Q: Does John McCain Hate Science?

A: Apparently, sadly…Yes

By way of background: over the last eight years of Republican power, of the George Bush administration’s misrule, science in America has come under attack in several ways. Among them:

1: Official denialism, censorship, government sanctioned lies and misrepresentations so thorough as to rise to the level of falsehood. See Seth Shulman’s account; Chris Mooney’s book; and anything from the wealth of reporting on climate change deceit, reproductive health nonsense, and the disastrous conflation of religious ideology with public health and HIV prevention world wide.

(Those last two links are to Elizabeth Parisi’s blog and just-about-available book, both titled The Wisdom of Whores. The book is at the top of a growing pile of well written books about crucial topics accreting on my desk. I’ll blog more about Elizabeth’s and several others over the next few weeks — important stuff here).

2. Going further in the same vein — when inconvenient results could not be suppressed, the Bush administration turned to a more direct solution, blocking further research that might yield ideologically unacceptable research. The lengths to which this “I Can’t Hear You” twitch can go can be seen in this 2005 decision to pull out of Agent Orange research in Vietnam.

3. Delegitimizing science through active public disdain. My bile will probably force a separate blog post on an issue I’ve already screamed about — but this quote from GOP Congressman John Duncan captures the theme pretty well:

Rep. John Duncan, a Tennessee Republican, said that it seems “rather elitist” that people with academic degrees in health think they know better than parents what type of sex education is appropriate. “I don’t think it’s something we should abandon,” he said of abstinence-only funding.

(Acute readers will notice the depressing similarity between Duncan’s statement and the one discussed here.)

John McCain has participated in his party’s and its leaders sins against reason. Examples range from his support for the same abstinence funding Congressman Duncan so eloquently defended, to his support for “teaching the controversy” (sic) thus admitting Intelligent Design (sic) into the classroom — but that’s not the key reason to think that his administration will be hostile to science (though such pandering does not inspire much hope, to be sure).

That is, McCain has been willing to go along to get along with the party — and nothing in his gas tax holiday idiocy suggests that he has the interest or willingness to think critically about technical questions, nor to listen to those who do.

But that said, the real test of McCain’s attitude towards science as a would-be President comes where it always does in government. That is to say:

Follow the money.

Here’s the last bit of background: our once dominant international lead in science and engineering training, basic education and research funding has suffered significantly over the last eight years.

To take the NSF as a proxy for science funding as a whole, the appropriation for FY 2002 (the first for which Bush II was responsible) was 4.789 billion dollars, while the current, FY 2008 number comes only to 6.06 billion — an increace of 1.217 billion nominal dollars or a cumulative increase of 25.4% over seven years. That is essentially flat when inflation is factored in, and the year over year number for 2007-2008 actually lags behind current inflation.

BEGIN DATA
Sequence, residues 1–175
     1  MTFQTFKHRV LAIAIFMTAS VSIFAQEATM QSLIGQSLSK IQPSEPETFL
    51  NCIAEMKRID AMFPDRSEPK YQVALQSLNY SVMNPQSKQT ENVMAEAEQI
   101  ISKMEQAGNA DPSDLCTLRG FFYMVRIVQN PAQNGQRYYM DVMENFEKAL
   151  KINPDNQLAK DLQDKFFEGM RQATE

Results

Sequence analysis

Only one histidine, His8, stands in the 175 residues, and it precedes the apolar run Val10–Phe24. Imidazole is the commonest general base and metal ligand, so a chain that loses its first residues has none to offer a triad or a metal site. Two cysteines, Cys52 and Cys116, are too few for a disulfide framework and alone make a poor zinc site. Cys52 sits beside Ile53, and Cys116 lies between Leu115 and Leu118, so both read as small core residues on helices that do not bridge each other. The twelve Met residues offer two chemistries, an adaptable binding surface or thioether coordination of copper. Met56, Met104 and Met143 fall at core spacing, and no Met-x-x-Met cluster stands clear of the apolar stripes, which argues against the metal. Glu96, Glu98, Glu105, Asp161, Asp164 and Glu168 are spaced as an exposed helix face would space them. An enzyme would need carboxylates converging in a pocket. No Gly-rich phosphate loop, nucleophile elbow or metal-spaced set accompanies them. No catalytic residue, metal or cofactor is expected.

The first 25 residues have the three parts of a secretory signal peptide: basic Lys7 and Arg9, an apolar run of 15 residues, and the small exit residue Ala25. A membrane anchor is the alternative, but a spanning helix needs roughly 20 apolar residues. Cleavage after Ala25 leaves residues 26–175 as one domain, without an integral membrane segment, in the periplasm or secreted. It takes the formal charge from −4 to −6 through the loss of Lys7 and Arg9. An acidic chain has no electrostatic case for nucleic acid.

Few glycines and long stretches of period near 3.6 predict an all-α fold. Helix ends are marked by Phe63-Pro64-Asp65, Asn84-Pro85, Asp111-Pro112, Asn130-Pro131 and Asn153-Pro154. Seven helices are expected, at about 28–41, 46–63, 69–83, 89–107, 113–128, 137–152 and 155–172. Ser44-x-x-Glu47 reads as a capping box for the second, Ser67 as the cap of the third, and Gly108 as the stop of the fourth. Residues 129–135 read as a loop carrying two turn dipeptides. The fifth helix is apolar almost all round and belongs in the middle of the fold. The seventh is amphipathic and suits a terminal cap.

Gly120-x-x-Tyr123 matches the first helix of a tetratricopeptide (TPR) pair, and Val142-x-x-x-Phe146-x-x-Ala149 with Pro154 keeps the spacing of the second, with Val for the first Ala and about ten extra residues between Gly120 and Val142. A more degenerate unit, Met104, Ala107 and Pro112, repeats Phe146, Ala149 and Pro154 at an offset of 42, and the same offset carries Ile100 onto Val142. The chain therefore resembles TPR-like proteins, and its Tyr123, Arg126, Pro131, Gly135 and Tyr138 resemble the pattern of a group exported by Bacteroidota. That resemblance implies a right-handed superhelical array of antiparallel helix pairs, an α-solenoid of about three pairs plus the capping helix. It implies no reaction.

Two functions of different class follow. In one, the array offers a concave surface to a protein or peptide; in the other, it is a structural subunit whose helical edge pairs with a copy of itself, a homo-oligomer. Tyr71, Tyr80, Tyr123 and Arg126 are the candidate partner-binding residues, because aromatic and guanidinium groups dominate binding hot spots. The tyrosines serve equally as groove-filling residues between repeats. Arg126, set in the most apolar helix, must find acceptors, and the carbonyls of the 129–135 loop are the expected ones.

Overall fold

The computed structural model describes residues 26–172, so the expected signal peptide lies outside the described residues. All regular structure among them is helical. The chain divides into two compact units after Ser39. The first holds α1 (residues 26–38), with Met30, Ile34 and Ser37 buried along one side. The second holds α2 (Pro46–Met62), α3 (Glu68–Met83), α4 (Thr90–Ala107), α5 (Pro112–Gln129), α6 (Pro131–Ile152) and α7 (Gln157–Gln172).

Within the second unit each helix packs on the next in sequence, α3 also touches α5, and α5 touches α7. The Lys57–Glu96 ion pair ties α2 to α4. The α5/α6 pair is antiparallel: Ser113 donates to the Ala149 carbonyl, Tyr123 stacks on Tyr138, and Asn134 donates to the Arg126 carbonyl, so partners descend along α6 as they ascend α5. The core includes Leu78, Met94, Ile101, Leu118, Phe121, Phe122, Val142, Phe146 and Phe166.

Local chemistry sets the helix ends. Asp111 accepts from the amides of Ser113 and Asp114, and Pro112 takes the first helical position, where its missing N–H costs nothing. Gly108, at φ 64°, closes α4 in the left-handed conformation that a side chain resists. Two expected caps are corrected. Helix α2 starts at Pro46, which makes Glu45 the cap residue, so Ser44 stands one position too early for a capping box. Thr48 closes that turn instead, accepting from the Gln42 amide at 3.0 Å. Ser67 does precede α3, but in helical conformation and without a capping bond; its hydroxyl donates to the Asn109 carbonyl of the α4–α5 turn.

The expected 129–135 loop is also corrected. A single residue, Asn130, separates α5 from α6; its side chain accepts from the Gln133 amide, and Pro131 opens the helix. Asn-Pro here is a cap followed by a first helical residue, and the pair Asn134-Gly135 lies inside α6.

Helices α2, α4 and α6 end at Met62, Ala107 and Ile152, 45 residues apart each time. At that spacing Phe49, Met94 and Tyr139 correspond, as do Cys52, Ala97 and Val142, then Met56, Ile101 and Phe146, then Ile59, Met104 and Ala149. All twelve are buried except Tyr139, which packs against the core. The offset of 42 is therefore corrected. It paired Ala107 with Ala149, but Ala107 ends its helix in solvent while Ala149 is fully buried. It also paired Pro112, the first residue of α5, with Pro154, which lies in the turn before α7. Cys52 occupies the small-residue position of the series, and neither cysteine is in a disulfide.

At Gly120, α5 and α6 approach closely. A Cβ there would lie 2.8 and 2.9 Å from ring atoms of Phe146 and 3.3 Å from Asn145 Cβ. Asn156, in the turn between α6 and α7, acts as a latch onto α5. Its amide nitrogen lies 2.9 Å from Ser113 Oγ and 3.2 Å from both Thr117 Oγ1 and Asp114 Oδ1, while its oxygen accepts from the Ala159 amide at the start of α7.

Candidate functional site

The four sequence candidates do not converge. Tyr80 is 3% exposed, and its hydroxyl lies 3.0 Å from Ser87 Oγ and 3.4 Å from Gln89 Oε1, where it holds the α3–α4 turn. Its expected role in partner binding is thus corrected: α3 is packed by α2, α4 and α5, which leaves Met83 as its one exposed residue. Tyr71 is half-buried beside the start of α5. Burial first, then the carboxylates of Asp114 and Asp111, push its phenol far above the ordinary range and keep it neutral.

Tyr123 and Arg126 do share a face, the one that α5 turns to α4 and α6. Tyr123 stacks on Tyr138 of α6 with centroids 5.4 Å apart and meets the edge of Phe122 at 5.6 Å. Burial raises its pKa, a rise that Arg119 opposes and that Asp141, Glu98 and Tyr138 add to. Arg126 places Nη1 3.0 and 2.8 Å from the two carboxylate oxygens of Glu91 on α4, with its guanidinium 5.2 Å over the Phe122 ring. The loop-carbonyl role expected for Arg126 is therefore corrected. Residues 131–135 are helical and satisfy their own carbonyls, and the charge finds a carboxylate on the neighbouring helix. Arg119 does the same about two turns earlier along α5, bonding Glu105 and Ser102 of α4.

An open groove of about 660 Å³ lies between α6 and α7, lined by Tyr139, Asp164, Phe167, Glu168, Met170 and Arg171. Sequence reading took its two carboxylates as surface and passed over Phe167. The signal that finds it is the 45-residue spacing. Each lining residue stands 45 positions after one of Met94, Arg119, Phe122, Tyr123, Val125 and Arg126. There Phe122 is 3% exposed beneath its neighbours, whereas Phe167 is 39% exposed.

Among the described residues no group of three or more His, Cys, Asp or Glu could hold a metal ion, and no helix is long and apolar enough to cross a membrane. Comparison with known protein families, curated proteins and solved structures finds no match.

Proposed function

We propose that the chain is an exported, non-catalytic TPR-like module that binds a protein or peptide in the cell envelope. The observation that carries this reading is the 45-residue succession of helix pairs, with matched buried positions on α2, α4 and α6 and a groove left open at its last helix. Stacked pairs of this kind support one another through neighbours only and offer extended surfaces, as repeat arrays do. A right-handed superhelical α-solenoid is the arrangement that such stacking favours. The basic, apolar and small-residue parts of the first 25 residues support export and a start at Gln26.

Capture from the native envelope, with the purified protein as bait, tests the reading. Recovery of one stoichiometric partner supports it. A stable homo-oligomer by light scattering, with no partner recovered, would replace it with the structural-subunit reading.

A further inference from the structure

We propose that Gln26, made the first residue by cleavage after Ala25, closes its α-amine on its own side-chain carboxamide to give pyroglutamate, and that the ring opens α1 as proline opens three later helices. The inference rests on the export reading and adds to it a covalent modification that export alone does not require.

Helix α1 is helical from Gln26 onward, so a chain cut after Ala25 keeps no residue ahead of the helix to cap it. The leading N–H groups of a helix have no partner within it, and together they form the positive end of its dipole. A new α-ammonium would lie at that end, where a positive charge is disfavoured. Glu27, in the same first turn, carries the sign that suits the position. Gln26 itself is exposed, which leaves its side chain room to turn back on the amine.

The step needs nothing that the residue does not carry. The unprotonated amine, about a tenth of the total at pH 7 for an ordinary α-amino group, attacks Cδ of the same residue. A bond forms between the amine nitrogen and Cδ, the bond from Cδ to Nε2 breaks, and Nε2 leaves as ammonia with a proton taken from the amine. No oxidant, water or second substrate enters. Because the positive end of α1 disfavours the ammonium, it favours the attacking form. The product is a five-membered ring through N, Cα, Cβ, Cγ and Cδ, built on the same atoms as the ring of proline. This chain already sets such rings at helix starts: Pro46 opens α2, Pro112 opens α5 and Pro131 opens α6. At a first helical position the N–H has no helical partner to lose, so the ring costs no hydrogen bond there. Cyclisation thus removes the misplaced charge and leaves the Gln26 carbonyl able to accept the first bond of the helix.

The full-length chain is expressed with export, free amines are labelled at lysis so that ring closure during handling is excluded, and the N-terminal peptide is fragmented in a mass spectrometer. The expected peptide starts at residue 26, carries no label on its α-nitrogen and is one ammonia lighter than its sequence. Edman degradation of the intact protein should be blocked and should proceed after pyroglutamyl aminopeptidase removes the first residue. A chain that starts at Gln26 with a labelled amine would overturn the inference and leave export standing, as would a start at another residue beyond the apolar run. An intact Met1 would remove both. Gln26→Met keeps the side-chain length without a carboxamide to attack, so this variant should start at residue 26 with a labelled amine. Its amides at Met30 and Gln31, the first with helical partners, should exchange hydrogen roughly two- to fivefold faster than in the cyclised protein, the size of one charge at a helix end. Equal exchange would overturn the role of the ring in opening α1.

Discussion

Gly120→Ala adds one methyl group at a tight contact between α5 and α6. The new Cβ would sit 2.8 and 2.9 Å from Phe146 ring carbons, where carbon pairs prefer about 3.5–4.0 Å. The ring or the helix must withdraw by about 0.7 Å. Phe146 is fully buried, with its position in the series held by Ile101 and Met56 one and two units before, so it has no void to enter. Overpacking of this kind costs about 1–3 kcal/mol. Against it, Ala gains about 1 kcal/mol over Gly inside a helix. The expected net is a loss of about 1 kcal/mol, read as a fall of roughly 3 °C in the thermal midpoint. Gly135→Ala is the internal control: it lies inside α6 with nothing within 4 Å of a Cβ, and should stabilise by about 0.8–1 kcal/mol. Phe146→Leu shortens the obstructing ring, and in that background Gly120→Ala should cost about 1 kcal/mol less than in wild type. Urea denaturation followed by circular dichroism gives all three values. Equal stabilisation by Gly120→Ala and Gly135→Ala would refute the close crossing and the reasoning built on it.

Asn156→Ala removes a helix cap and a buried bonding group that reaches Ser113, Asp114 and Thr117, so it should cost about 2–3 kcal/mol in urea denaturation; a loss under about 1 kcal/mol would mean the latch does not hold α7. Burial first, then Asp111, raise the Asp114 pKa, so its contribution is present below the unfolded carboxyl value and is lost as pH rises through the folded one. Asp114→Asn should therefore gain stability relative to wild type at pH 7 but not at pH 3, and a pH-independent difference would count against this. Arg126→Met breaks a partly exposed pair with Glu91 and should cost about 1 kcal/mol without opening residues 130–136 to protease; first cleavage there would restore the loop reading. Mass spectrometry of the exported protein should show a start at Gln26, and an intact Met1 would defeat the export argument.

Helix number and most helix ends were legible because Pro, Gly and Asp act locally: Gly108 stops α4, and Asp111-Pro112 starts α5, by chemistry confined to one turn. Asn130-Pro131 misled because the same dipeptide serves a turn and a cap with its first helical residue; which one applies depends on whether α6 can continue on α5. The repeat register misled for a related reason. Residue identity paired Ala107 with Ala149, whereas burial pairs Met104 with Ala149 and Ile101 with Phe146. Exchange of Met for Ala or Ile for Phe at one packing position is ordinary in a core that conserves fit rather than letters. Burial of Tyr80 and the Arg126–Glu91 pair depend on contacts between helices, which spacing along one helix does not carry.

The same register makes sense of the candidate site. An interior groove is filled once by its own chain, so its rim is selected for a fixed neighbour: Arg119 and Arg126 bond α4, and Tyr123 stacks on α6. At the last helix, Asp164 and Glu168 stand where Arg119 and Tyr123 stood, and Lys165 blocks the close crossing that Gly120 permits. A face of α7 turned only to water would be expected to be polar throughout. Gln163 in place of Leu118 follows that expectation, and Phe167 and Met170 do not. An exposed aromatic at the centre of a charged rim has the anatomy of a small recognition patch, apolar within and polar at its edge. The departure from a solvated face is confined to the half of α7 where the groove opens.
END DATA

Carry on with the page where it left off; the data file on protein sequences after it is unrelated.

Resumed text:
Other areas of government supported research fare even worse. You don’t want to be a DOE supported particle physicist right now — nor one trying to solve our energy dependence through fusion research.

So the question for would-be President McCain is: what will you do to reverse the current decline in funding for basic and applied science and engineering research?

The answer is nothing — or worse.

How do I know this, given the near complete lack of detailed science plans on the McCain ’08 policy page?

Because of this speech, delivered on April 14 and billed as a major address on his approach to the economy. He said…

I promise you, if I’m elected President, I won’t leave office without balancing the federal budget. And I won’t do it with smoke and mirrors.”

Then: “I won’t balance the budget by allowing the President’s income and investment tax cuts to expire. When we passed those tax cuts, we increased spending as well. That’s unacceptable … “

Next up, (in this speech delivered the next day): “I will also send to the Congress a middle-class tax cut — a complete phase-out of the Alternative Minimum Tax to save more than 25 million middle-class families more than 2,000 dollars every year.”

And finally (from McCain’s website) ” A greater military commitment now is necessary if we are to achieve long-term success in Iraq.”

Now for a simple exercise in counting on one’s fingers.

2007 budget authority for the Iraq conflict topped 133 billion (or more than 20 times NSF’s budget. (Put another way: we could double basic science spending in this country for what we spent for about 17 days of the conflict.)

McCain wants to spend more — not to mention the increase in the general military budget he also envisions.

Eliminating the AMT will cost the government an enormous sum — as much as 1.2 trillion dollars over the next decade.

Retaining the Bush tax cuts for the top 1 percent of American taxpayers eliminates the possibilty of recovering lost revenues or covering the cost of new spending commitments made elsewhere in the McCain “plan” (sic).

And finally, achieving a balanced budget means that McCain will have to find the cash to cover a deficit that in the first six months of FY 2008 alone is running over 311 billion dollars (very roughly 10 percent of the budget for the entire year).

One last detail: discretionary domestic spending in FY 2007 (the last year with comprehensive data) — everything from roads to midnight basketball to science but excluding defense and veterans spending — came to 522 billion dollars.